She learned that detention has its place in juvenile justice, but not for as many kids as she originally thought. She learned the difference between those kids that scare us and those that make us mad.
This former critic was my colleague on the bench. She is Tracy Graham-Lawson, now the district attorney where I work, in Clayton County, Georgia.
Tracy is an inspiration to me. She reminds me that one’s ideological enemies — especially those with integrity like Tracy — can change their perspective. Tracy didn’t change her mind because of me or anything I said. She changed because she pursued the truth using data and reading research based in objective testing.
Tracy faces a different task prosecuting adult offenders. She is a tough prosecutor — and rightfully so! These are adults, not children.
Since taking office, she has aggressively reduced the criminal docket. She is not afraid to try cases. She is a formidable foe in the courtroom. I would not want her on the other side.
Even still, she works hard to help kids who are arrested as adults by transferring them to juvenile court when appropriate — and she does her fair share of transfers to ensure kids get the best treatment available in a youth detention center or residential placement as opposed to an adult correctional facility grounded in punishment.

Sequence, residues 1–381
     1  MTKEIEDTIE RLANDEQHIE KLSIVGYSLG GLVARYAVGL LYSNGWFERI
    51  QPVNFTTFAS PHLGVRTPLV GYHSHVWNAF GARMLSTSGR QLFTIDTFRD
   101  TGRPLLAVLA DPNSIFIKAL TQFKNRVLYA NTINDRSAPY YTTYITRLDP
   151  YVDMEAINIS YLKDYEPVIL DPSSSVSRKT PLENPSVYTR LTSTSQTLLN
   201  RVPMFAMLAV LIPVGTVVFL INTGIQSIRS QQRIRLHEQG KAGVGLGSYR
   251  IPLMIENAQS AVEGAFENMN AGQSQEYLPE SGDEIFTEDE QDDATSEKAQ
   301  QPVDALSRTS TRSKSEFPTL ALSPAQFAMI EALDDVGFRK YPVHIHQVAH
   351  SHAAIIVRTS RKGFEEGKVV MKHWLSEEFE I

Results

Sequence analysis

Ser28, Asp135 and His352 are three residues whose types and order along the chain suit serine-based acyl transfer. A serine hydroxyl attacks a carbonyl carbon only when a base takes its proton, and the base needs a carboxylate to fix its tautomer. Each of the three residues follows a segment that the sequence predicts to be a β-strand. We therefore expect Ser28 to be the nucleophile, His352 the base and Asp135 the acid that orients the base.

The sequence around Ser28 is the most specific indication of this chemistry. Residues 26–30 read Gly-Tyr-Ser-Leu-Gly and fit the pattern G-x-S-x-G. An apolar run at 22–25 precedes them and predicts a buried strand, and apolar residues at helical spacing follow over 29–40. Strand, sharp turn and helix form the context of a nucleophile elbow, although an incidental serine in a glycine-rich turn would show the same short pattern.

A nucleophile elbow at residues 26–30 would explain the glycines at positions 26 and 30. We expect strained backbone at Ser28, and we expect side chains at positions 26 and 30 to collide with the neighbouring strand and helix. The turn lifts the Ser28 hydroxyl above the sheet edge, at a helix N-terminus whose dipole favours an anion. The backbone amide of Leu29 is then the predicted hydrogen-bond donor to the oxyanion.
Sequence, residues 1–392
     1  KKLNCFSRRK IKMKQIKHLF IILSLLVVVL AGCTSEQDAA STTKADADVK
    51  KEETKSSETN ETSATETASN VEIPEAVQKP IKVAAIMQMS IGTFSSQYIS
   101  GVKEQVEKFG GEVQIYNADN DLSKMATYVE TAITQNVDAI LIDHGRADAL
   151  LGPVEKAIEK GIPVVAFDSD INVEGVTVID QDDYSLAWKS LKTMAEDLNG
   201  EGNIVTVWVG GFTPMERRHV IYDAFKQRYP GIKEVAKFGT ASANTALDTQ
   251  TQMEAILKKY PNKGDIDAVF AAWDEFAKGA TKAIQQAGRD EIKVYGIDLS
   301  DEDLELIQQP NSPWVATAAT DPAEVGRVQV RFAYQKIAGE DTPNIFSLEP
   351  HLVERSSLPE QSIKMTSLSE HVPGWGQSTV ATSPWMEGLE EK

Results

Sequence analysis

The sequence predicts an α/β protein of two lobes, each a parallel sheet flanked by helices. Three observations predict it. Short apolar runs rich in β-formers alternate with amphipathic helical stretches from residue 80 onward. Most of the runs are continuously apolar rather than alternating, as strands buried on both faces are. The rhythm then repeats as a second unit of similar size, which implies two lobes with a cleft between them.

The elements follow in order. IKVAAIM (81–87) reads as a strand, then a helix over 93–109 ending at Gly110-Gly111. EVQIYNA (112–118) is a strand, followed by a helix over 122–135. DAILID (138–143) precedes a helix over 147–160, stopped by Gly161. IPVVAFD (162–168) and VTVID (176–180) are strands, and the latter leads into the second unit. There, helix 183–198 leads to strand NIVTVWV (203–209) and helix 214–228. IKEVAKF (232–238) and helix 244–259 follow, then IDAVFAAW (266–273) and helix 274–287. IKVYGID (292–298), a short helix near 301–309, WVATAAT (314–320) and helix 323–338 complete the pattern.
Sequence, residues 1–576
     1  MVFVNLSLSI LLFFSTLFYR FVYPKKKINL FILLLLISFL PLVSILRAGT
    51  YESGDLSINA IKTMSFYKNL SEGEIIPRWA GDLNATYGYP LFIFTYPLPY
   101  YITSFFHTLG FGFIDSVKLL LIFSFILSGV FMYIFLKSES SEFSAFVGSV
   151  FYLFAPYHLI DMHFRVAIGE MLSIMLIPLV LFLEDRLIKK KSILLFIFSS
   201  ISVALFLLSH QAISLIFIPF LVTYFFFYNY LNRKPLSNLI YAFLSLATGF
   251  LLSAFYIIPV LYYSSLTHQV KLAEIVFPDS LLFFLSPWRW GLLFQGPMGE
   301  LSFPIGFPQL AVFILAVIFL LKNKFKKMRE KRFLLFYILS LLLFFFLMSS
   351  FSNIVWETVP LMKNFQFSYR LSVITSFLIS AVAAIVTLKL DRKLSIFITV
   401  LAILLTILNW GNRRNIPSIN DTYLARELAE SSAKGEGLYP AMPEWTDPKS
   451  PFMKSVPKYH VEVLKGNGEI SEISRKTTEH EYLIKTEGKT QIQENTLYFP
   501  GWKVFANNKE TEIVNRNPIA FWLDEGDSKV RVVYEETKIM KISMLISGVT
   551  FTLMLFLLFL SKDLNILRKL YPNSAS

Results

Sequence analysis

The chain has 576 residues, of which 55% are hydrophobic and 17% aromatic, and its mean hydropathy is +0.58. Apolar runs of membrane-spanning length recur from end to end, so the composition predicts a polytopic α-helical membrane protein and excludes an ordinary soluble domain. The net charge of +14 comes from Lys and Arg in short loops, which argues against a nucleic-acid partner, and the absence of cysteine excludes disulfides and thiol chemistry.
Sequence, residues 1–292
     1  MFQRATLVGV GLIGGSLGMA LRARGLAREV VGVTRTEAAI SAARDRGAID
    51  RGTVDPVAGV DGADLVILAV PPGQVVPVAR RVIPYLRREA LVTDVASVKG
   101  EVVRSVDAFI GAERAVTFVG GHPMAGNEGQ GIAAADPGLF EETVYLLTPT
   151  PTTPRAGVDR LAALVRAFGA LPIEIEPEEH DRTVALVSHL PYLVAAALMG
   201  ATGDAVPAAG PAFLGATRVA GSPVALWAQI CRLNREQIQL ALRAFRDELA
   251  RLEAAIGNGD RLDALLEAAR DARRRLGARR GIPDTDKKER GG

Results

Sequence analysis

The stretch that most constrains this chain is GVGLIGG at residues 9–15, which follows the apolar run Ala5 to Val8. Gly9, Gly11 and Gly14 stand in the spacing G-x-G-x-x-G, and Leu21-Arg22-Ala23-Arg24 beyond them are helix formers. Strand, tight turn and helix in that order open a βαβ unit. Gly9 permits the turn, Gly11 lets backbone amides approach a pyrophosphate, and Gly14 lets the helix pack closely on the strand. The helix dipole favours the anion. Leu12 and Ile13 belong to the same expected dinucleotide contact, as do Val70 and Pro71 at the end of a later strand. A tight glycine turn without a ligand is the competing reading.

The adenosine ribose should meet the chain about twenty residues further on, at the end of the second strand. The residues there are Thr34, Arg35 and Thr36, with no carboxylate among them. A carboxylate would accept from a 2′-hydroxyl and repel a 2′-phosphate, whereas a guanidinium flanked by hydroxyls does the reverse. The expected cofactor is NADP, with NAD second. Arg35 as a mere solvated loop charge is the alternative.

She also produced an award winning documentary that is shown in schools to educate kids about the seven deadly sins and how they can be treated as an adult as early as age 13 and exposed to the negative influences of adult prisons.
She may be prosecuting adults with zeal and passion — but Tracy is still an advocate for kids.
Those of you with the “lock-‘em up” attitude — have some integrity. Get some courage!
Use your computer, laptop, or IPad and Google. Read the research. For the sake of our kids — just read!